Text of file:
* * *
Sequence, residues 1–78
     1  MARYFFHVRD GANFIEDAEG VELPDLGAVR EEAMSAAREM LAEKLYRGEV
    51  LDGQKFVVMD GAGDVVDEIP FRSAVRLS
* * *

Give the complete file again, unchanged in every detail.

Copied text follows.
Sequence, residues 1–78
     1  MARYFFHVRD GANFIEDAEG VELPDLGAVR EEAMSAAREM LAEKLYRGEV
    51  LDGQKFVVMD GAGDVVDEIP FRSAVRLS